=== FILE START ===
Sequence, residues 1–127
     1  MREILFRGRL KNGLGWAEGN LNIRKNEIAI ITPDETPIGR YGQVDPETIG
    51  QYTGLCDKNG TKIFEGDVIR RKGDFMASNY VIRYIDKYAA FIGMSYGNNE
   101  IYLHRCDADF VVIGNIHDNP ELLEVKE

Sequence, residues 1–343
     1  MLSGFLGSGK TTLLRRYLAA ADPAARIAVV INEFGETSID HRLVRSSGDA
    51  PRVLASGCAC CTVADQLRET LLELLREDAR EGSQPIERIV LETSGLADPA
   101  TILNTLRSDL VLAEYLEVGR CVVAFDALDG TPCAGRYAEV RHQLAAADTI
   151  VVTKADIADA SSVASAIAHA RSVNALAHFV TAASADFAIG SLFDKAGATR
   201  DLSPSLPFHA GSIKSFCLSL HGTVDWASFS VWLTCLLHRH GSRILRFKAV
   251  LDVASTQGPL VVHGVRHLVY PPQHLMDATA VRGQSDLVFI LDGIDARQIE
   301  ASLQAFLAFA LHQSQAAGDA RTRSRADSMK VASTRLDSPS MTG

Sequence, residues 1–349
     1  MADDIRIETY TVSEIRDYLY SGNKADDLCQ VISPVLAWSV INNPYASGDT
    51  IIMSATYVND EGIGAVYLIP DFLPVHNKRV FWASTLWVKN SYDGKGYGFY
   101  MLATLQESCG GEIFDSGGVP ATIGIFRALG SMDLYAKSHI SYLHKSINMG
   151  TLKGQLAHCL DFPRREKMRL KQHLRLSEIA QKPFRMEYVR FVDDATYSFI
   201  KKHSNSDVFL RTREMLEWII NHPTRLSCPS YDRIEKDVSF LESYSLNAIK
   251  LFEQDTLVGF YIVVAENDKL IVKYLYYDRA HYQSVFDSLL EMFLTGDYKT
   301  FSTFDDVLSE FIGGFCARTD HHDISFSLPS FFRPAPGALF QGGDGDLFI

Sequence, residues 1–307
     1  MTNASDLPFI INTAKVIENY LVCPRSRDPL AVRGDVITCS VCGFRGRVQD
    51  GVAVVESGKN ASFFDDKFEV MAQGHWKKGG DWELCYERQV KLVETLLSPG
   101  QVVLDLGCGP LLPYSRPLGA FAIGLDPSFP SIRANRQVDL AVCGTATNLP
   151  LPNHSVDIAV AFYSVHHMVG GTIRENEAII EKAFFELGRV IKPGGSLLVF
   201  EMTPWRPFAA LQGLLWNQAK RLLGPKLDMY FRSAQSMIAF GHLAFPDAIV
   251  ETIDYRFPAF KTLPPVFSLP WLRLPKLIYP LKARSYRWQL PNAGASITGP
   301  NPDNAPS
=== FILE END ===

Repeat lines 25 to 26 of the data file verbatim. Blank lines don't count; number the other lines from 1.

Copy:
   151  LPNHSVDIAV AFYSVHHMVG GTIRENEAII EKAFFELGRV IKPGGSLLVF
   201  EMTPWRPFAA LQGLLWNQAK RLLGPKLDMY FRSAQSMIAF GHLAFPDAIV